The weekend before last, I was whisked away to Las Vegas for three days of food, wine, glitz, and glam at the Aria Resort & Casino. I was invited to the property, along with a dozen journalists, bloggers, and media types, to experience everything from a Cirque du Soleil show to spa treatments, and of course, unbelievable meals.
In addition to being spoiled at every turn, we were given access to world renowned chefs including Masa Takayama, Michael Mina, and Jean Georges Vongerichten. It was an experience of a lifetime, and I am thrilled to relive every delicious morsel in this space.
Chef Masa Takayama offers two separate dining spaces within Aria. BarMasa serves an à la carte modern Japanese menu, while Shaboo offers an omakase-style experience similar to his New York City flagship. Both spaces are minimally appointed and exquisitely cared for.
Of all the meals and events on the weekend’s itinerary, I was most excited about this one. I mean, it’s not every day that I sit down to a dinner orchestrated from start to finish by Chef Masa. This was once-in-a-lifetime stuff.
The first course was a kegani (hairy crab) sunomono comprised of sweet strands of crab meat and cucumber dressed lightly in white vinegar. The crab salad was topped with chrysanthemum petals and strongly flavored crab miso.
Someone at the table wondered aloud whether hairy crabs were actually hairy, so a fresh one was procured from the kitchen and presented to us on a platter. Let it be known that hairy crabs are in fact quite hairy.
The second course was a luxurious combination of toro tartare topped with caviar.
Using the littlest spoon ever, we scooped the toro and caviar onto toast points. The flavors were bright, salty, and clean, and I wanted more immediately.
The next dish featured kawahagi, a supple white fish, garnished with white truffles. According to Chef Masa, he came up this dish while smoking a cigar in Japan. The dish’s composition reminds him of leaves falling in autumn.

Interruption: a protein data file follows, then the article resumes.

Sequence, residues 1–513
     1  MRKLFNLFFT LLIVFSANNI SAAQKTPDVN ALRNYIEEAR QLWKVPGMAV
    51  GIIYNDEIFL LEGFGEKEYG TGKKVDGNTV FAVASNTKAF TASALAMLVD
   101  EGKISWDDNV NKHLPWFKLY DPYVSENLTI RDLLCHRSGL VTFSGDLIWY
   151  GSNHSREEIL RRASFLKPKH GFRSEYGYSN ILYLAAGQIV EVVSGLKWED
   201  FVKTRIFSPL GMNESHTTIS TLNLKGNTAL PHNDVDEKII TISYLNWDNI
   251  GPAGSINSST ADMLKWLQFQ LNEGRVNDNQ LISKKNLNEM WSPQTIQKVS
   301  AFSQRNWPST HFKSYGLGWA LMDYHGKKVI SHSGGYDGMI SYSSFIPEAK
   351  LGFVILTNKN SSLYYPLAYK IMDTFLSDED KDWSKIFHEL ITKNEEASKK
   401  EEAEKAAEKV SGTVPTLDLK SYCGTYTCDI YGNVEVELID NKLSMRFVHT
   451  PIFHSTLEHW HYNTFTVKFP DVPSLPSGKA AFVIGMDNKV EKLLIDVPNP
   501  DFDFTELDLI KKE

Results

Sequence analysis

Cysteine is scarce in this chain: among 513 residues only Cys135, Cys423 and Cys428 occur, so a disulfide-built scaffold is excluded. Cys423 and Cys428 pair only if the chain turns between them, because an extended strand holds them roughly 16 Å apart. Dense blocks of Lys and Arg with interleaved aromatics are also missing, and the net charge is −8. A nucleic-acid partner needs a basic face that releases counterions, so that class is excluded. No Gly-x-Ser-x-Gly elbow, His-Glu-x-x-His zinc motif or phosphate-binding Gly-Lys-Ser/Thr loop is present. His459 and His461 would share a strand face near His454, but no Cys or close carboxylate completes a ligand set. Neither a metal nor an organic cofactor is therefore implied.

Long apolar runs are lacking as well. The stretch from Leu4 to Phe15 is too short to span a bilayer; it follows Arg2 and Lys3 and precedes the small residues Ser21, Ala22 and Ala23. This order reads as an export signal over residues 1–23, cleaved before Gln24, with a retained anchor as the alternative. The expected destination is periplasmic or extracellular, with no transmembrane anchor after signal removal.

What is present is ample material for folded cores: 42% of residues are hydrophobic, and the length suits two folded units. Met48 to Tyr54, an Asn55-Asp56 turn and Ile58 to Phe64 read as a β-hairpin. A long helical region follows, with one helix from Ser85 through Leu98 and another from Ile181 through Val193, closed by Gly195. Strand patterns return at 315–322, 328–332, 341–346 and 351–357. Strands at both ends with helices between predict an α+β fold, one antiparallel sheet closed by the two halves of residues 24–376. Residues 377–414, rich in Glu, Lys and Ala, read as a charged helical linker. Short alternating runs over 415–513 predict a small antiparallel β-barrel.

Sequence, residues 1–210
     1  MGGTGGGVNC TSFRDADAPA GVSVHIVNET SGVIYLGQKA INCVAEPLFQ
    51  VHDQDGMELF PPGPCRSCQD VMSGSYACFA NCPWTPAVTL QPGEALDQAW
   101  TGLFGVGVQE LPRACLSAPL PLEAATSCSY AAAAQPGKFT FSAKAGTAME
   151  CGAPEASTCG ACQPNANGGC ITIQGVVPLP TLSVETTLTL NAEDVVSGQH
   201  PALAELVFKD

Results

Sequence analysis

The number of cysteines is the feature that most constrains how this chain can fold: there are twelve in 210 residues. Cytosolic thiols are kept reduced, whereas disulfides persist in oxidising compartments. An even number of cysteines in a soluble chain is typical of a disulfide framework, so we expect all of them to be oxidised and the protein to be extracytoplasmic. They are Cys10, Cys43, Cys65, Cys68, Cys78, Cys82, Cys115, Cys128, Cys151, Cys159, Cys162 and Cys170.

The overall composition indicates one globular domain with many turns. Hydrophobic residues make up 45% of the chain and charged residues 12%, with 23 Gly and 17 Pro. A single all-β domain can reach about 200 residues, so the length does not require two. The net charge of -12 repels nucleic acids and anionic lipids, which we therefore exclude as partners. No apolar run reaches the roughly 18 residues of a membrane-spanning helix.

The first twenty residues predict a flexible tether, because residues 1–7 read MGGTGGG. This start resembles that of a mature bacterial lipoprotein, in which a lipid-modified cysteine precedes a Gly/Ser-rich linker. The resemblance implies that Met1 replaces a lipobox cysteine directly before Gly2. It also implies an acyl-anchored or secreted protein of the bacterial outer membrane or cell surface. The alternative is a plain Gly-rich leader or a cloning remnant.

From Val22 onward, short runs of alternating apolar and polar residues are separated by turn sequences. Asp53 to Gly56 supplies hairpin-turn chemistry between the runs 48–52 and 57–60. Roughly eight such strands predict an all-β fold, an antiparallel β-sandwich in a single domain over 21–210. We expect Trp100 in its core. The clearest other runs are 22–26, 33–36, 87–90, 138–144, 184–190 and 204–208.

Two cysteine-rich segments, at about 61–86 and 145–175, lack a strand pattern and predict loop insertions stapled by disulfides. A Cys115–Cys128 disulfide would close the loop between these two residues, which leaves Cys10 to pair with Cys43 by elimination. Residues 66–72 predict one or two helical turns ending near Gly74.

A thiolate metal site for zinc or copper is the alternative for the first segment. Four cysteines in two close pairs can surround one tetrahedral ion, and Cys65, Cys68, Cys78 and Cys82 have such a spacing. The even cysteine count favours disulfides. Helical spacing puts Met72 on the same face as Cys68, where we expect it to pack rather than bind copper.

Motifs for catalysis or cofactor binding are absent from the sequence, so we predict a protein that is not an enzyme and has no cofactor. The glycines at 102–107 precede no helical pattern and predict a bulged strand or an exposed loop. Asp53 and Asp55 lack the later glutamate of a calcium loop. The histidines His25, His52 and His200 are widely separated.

The shaved white truffles, my first ever, perfumed every chopstick-full with that certain musty something. This was my favorite dish of the night.
The first and only cooked dish this evening were skewers of chicken yakitori with green onions and teriyaki, and Wagyu beef with white onions and yuzu kosho. The slight tinge of spice on the beef gave it an upper hand over the chicken.
The fifth course was a gorgeous lobster sashimi salad with cucumber, white soy, vinegar, and tempura flakes. The raw lobster had a snappy bite that I found spectacular, but some of my table mates couldn’t warm up to it. In situations like these, there’s only one right thing to do—eat off your companion’s plate. So, I did.
The final course was a real showstopper—uni (sea urchin) risotto with white truffle. It turns out that everything tastes better with an ever-so-light sprinkling of rare tubers, even briny risotto.
Our weekend at the Aria coincided with the first annual Food & Wine All Star Weekend, which meant that in addition to the spectacular itinerary of meals, we also attended a number of tasting events and rubbed elbows with notable Top Chef alums. From BarMasa, we walked a few steps to View Bar for the “First Course Kick Off” party.
From the party, we were treated to a Viva Elvis performance.The King of Rock ‘n’ Roll is alive and kicking at Aria!
Oh, what a night!
3730 Las Vegas Boulevard
Las Vegas, NV 89109
There’s more to eat in Las Vegas…